The second quote you mention says exactly the same thing. He’s saying that olive oil is a high fat food, not that olive oil is a plant product which provides protection against impairment in endothelial function. Hope this helps.




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  22. Does fruit-juice-made-from-grapes have the same effect? In Austria, where I live, most “Balsamico Vinegar” are made from fruit juice plus acetic acid. Real balsamico vinegar starts at about € 20 for 50 ml, without upper limit (just like red wine).




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  23. Is there any advice for a natural way to deal with cold hands and feet. I have read that Stinging Nettles and B3 help.




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    1. Thanks for your question Charlotte!

      Dr Greger discusses the side effects of vinegar on his most recent video. In regards to helping people with respiratory problems, I could not find any research for it therefore I have no definite answer. On the other hand, WebMD has listed the contraindications for the use of vinegar that may help you.

      Hope this answer helps!




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      1. There may be research for vinegar hurting people with respiratory problems, which is what I suspect having gone to the ER before because of vinegar fumes. No one wants a train to crash with vinegar or ammonia spills, believe me! Thank you for the information about the video of side effects of vinegar. I am wondering if people with mold allergies or candida suffer because so much has been written about them suffering. I also wonder about enamel and even brain health with vinegar.




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  24. I am a 62 year old active male. Over the last 12 years I have had 2 heart attacks, and 8 stents due to blocked arteries from plaque. I have tried several statins, with a lot of side effects and presently take Vytorin 10/40. My cardiologist says I am doing all I can with diet, exercise, (4 – 5 times a week at the gym with weights and cardo), but my cholesterol is genetic. Currently my HDL is 34, LDL is 75, overall is 149, Tris are 120, Fasting Blood work is 96. I eat lean red meat about once a week which is 90%+ fat free. The rest of the time is chicken or fish. Never anything fried, no caffine, no desserts, occasionally a piece of angle food cake. Usually 8 oz of red wine 4 times per week. What do I need to do to raise the good, lower the bad, to eliminate plaque build up in the arteries ??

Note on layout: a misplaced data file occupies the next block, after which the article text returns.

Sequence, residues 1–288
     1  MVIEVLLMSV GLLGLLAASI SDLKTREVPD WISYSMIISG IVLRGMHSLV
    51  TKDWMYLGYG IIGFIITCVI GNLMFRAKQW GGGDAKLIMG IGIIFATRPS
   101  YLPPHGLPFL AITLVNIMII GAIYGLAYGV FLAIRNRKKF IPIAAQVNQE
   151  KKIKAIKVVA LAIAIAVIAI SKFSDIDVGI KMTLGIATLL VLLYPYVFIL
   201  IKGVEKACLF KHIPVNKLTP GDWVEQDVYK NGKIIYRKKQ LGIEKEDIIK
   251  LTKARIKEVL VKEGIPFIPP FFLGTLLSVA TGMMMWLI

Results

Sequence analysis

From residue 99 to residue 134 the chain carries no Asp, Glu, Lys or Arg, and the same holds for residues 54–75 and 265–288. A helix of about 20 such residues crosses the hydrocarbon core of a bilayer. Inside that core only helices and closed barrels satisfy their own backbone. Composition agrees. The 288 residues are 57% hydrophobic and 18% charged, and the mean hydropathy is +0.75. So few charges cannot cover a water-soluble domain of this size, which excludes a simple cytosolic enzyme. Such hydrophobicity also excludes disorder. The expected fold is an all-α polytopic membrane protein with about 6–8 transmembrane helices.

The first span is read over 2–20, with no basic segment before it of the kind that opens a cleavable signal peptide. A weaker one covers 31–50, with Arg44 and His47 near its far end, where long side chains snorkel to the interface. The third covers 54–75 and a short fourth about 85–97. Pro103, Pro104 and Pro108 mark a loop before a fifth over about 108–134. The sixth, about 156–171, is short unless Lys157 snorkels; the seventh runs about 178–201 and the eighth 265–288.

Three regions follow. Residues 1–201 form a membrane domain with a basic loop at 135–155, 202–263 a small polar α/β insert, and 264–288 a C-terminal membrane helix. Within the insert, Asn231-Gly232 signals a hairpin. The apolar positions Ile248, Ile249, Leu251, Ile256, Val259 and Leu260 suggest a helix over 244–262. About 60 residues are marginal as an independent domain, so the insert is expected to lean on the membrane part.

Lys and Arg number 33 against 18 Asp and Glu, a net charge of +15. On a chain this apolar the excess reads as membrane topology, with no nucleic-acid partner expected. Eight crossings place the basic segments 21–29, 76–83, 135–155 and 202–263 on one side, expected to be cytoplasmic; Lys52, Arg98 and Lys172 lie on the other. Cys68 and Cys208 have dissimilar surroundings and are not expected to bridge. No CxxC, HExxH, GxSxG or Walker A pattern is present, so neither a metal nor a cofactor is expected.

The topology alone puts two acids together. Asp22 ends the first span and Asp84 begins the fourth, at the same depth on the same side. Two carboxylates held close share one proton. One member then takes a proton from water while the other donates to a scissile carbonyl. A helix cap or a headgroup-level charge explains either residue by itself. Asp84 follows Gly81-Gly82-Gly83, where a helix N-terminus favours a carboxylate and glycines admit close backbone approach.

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    1. webaker: I’m sorry to hear you have had 2 heart attacks and 8! stents. Fear not, your doctor appears to be unaware of the research regarding heart disease. There is a lot of hope for you. Dr. Esselstyn took patients who had had more heart attacks than you and whose doctors had given them up. For those patients who stuck with the diet 100%, they never had another heart attack. This is documented in at least two studies published in peer reviewed journals.
      .
      The diet that Dr. Esselstyn promotes is generally consistent with the information here on NutritionFacts. Dr. Esselstyn has a book explaining what to do as well as a set of recipes to get you started. If you are interested, the book is titled How To Prevent and Reverse Heart Disease. Here it is: http://www.amazon.com/Prevent-Reverse-Heart-Disease-Nutrition-Based/dp/1583333002/ref=sr_1_1_twi_pap_2?s=books&ie=UTF8&qid=1463971449&sr=1-1&keywords=prevent+and+reverse+heart+disease It could be the best 10 dollars you ever spent.
      .
      Note: Based on the description of your current diet, I am guessing that you will be learning a lot of new information about what it means to eat a healthy diet. (I know you are trying hard already. It’s just you have been given false information.) Diet change can be hard. But it is a *lot* easier than heart surgery! And way better than death… You sound motivated. That means you can do it if you want. In other words, you will still be able to eat satisfying, delicious meals. The thing is that these meals will be a bit different than the kind of food that you are used to. If you decide to give it a try and need some help or tips beyond what is in Dr. Esselstyn’s book, let us know. We are full of both here on NutritionFacts. :-)




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  25. Balsamic vinegar is made from typically trebbiano, a white grape varietal. Raisins are dark too but are also white grapes. So the idea of it having the same effect as red wine is mute.




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  26. I found this recipe many years ago. They termed it a relish but I use as jelly or jam. It’s red grapes, blueberries,sugar, vinegar and ginger. Pretty healthy for jelly and it has some fiber.. I think the grapes should be organic. Blueberries I usually have to use frozen. Vague measurements. In pot the grapes are usually pkgd. at 2 lbs. The berries I add until the mix looks fairly balanced. The sugar 1/4 to 1/3 c. The ACV is braggs and light pour around the pot, then 1 Tbl. of powdered ginger. Heat. Raise to 10 min. boil scraping sides and bottom to avoid sticking. Then cool. Use an immersion blender for ease or ladle into a blender. I freeze about half. This isn’t canned or shelf stable. Refrigerate or freeze.